AN INTERNATIONAL team of scientists have unearthed the hidden biological history of the 1000-year-old York Gospel, one of York Minster’s most treasured possessions, which is still in use today.
Using a non-invasive DNA sampling technique, they were able to determine not only what species of animal provided the skins for its 167 parchment folia, but also their breed, and even their sex. Additionally, they were able to detect microbes responsible for destroying parchment before its effects begin to show: a breakthrough for conservation work.
The York Gospel is one of the few pre-Conquest books to survive the Reformation. Written in about 990 in the scriptorium of St Augustine’s monastery, Canterbury, it was brought to York by Archbishop Wulfstan in about 1020. The volume contains all four Gospels; a letter from King Cnut about land ownership; and the oaths taken by deans and other senior clerics, added between the 14th and 16th centuries.
The researchers, led by bioarchaeologists at the University of York and geneticists from Trinity College, Dublin, found that all but one of the folia were calf-skin, from breeds closely linked to modern-day Fresians or Norwegian Reds from northern Europe. Traditionally, male animals were used, but the experts found that the skins were from females.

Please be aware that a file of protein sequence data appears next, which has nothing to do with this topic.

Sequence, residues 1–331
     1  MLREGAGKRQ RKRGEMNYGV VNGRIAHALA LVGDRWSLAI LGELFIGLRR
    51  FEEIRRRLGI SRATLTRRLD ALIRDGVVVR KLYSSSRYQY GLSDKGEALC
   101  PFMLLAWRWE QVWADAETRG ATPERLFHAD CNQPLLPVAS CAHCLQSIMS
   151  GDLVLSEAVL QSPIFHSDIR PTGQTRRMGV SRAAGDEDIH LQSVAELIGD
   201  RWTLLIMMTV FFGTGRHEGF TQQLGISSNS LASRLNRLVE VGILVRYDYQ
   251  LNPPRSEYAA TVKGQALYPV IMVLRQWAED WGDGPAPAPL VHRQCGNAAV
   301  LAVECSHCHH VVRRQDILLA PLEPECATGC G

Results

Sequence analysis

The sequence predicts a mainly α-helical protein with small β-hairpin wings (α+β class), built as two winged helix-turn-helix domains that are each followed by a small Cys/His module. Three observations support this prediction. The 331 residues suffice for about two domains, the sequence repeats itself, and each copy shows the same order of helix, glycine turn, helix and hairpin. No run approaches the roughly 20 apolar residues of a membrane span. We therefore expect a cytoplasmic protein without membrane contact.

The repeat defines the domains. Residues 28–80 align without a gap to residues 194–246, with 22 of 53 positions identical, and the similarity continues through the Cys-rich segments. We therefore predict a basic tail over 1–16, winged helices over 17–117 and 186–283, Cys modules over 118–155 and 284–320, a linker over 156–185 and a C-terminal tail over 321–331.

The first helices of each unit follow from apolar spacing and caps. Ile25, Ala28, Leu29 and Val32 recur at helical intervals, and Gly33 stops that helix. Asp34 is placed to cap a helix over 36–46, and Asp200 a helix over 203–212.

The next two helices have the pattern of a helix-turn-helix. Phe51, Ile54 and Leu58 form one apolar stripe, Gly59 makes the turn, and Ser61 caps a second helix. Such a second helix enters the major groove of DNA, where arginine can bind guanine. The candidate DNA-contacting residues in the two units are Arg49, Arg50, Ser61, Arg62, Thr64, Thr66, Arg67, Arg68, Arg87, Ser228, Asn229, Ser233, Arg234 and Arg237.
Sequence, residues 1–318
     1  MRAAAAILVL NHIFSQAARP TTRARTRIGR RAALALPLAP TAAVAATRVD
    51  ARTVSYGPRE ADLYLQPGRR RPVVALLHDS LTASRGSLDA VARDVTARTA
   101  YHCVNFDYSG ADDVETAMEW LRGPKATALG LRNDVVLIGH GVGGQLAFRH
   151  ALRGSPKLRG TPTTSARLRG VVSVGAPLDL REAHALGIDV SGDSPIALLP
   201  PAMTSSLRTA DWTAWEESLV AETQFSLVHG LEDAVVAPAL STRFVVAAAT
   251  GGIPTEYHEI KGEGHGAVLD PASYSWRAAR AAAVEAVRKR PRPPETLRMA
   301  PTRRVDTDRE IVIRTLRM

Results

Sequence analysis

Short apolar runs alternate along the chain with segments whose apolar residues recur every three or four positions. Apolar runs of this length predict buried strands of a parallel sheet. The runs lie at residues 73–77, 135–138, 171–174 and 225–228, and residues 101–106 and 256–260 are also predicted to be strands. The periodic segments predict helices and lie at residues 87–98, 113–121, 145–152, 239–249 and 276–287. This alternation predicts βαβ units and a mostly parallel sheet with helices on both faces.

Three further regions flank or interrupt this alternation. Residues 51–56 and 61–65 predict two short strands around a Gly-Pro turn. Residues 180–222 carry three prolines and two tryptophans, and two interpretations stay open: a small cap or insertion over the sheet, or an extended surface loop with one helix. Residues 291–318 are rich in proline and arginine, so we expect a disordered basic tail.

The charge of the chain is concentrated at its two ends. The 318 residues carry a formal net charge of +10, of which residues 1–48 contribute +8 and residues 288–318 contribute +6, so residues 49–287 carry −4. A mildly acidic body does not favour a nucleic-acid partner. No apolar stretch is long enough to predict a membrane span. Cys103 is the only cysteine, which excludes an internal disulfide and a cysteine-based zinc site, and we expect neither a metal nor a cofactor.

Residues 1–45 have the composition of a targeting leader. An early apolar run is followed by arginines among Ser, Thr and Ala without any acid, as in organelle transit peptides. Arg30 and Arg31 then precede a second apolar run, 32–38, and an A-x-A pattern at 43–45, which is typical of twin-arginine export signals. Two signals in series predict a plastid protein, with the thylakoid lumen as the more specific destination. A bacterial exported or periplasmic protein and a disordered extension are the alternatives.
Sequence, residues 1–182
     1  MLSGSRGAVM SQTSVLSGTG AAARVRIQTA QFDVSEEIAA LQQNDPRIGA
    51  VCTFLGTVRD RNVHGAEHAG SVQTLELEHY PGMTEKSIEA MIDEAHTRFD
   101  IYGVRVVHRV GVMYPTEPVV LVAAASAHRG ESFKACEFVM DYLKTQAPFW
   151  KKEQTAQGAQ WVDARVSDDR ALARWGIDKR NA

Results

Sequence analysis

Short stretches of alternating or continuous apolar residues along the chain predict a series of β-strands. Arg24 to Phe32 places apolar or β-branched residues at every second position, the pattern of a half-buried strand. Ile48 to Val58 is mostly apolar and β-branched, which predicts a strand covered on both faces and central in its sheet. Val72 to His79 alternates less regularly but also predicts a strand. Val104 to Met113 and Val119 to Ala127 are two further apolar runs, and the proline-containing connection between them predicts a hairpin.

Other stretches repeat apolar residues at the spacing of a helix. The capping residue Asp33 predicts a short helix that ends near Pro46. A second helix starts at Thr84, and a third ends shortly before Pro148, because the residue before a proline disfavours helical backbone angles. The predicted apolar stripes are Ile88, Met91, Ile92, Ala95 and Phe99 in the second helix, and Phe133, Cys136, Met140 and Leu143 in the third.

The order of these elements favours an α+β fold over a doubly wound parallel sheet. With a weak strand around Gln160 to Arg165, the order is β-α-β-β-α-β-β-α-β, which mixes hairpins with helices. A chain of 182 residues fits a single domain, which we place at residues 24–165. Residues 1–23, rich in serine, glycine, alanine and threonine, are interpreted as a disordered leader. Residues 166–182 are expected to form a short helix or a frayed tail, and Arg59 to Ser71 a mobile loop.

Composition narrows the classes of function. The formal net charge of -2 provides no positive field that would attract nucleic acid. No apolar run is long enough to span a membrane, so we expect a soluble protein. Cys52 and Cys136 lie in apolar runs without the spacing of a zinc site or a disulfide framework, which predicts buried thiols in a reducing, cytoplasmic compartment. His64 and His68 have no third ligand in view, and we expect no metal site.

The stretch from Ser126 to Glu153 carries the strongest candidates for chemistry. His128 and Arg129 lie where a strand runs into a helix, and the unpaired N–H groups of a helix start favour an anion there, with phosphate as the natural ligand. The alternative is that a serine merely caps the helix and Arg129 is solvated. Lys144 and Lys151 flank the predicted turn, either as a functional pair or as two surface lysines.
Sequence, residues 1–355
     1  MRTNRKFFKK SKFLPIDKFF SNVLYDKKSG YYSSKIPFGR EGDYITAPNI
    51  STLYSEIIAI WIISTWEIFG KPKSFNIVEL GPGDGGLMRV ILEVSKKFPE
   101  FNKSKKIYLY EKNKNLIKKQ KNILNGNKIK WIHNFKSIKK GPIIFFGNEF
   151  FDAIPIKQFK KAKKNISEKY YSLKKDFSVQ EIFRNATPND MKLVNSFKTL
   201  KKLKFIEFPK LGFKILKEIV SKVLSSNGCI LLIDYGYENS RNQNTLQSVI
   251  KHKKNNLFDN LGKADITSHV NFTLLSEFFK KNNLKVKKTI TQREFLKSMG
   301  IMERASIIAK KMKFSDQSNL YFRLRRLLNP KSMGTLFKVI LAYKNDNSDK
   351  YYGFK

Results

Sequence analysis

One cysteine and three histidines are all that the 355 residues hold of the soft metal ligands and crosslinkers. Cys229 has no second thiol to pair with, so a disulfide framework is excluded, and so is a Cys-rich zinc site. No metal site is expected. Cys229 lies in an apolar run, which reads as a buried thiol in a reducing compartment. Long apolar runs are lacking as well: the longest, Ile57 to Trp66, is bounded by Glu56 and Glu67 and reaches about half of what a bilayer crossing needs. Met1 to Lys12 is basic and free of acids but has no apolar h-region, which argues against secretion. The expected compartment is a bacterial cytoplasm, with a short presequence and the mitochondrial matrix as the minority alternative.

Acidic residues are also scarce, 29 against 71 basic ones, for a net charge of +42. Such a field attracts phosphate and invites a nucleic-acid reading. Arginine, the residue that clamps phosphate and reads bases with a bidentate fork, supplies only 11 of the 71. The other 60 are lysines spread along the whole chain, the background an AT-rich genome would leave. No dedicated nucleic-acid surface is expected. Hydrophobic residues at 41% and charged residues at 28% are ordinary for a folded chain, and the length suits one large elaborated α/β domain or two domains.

“That surprised us,” Dr Sarah Fiddyment, a research Fellow in the archaeology department at York University, said. “Normally, in a dairy-based economy, you kill off the young males and keep the females for breeding. Was it a deliberate choice? Were they sacrificing females because this was an important book?”
Then they learned that, not long before the Gospel was created, a disease, similar to the present-day rinderpest, had devastated cattle herds. “So it could have been just an acceptable reuse of the hide of diseased stock,” Dr Fiddyment said. “It could just be that they were making the best out of a bad situation.”
The experts were also intrigued to find the microbe Saccharopolyspora, which is thought to be responsible for the degradation of parchment, often by purple spotting. “Although there is no obvious deterioration, it could be something that could be useful for future conservators to take into account,” Dr Fiddyment said.
The study is published in the journal Royal Society Open Science, (25 October).